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Politics

Greek FM in Egypt for Talks after Turkey’s Deals with Libya

October 9, 2022

CAIRO — Greece’s chief diplomat met Sunday with Egyptian officials in Cairo on issues including controversial maritime and gas deals that Turkey signed with one of Libya’s rival administrations, officials said.

Foreign Minister Nikos Dendias met with his Egyptian counterpart, Sameh Shukry, for discussions that addressed “all aspects” of cooperation between the two countries, including the coordination of their position on regional and international issues of common interest, said Ahmed Abu Zeid, the spokesman of Egypt’s Foreign Ministry. He did not provide further details.

Egypt and Greece have strengthened ties in recent years, including cooperation in fields ranging from energy to combating terrorism. The two nations, along with Cyprus, have signed maritime border agreements. Abu Zeid described Egyptian-Greek ties as “a long standing strategic partnership and historic friendship.”

Dendias wrote on Twitter ahead of his trip that besides Greece-Egypt ties, the talks would focus on developments in the Aegean Sea, Libya and the Middle East.

He was likely referring to tensions with Turkey over the alleged deployment of dozens of U.S.-made armored vehicles by Greece to the Aegean islands of Samos and Lesbos. He also pointed to memorandums of understanding between Turkey and the government of Abdul Hamid Dbeibah, one of Libya’s two competing governments.

Greek Foreign Minister Nikos Dendias, meets with Egyptian Foreign Minister Sameh Shoukry at the foreign ministry headquarters in Cairo, Egypt, Sunday, Oct. 9, 2022. (AP Photo/Nariman El-Mofty)

The deals, signed last week in the Libyan capital of Tripoli, include the joint exploration of hydrocarbon reserves in Libya’s offshore waters and national territory. Dendias slammed the deals as illegal, saying they infringed on Greek waters. Egypt’s Foreign Ministry also argued that Dbeibah’s government has “no authority to conclude any international agreements nor memorandums of understanding,” given that its mandate expired.

Libya has been mired in chaos since a NATO-backed uprising toppled and killed longtime dictator Moammar Gadhafi in 2011. The country has since been ruled by rival governments for most of the past decade. There are now two administrations claiming legitimacy: Dbeibah’s in Tripoli and another parliament-appointed government chaired by Prime Minister Fathi Bashagha.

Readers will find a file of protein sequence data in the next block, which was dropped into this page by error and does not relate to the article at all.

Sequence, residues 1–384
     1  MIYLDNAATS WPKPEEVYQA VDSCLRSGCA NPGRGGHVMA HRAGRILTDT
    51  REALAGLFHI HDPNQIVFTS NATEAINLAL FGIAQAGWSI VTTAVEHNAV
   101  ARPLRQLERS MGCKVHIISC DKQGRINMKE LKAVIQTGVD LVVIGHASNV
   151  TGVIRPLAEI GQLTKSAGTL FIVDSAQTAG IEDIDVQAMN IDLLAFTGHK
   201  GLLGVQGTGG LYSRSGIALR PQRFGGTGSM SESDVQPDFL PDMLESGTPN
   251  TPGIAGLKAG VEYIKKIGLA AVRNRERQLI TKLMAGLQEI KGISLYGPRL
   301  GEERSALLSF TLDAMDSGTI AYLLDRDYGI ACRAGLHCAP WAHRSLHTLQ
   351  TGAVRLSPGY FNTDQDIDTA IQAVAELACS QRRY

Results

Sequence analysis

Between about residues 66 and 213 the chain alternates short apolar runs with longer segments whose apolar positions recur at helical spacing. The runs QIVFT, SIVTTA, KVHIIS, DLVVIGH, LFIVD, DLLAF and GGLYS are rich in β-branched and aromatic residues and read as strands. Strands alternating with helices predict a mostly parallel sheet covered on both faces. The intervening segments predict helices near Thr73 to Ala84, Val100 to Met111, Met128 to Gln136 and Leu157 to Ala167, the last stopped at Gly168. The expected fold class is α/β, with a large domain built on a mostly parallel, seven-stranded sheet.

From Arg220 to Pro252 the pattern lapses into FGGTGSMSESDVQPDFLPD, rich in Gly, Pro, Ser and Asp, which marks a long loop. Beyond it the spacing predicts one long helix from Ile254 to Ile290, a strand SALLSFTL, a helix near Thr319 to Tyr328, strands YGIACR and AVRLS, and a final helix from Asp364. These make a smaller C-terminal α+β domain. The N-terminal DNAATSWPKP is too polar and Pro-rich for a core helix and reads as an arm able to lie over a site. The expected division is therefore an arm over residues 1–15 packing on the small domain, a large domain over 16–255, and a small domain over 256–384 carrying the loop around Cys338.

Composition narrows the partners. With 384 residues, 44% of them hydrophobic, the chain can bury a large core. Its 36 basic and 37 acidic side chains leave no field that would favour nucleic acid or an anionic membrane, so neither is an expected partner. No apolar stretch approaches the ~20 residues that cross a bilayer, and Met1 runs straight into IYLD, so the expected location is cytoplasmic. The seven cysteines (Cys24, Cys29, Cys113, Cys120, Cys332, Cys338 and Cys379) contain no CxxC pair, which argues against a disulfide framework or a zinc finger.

Jalel Harchaoui, a Libya expert with the Royal United Services Institute, a defense and security think tank, said Turkey’s deals with Dbeibah’s government, which have “little legal value,” were meant to provoke Greece.

They were “part of the politics of hyper-nationalistic assertiveness that a weak, unpopular (President Recep Tayyip) Erdogan seeks to cultivate as he goes into the June 2023 elections,” he said.

Egyptian Foreign Minister Sameh Shoukry, right, meets with Greek Foreign Minister Nikos Dendias, at the foreign ministry headquarters in Cairo, Egypt, Sunday, Oct. 9, 2022. (AP Photo/Nariman El-Mofty)

Erdogan’s government exploited Dbeibah’s weakened position after Turkey helped him defend his position in Tripoli during deadly clashes in August that were part of of Bashagha’s efforts to install his government in the capital, Harchaoui said. Turkey has troops and allied Syrian mercenaries on the ground in the Libyan capital.

“Dbeibah was in no position to say ‘No’ to the (memorandums of understanding). Turkey has played a decisive role in maintaining him in Tripoli thus far, so he has no choice but to say ‘Yes’,” he said in written comments.

The Libyan prime minister defended the deals, saying they would help Libya pursue oil and gas exploration “in our territorial waters with the help of neighboring countries.”

Turkey’s agreements with Dbeibah’s government came three years after another controversial agreement between Ankara and a former Tripoli government. That 2019 deal granted Turkey access to a contested economic zone in the gas-rich eastern Mediterranean Sea region, fueling Turkey’s pre-existing tensions with Greece, Cyprus and Egypt over oil and gas drilling rights in the region.

 

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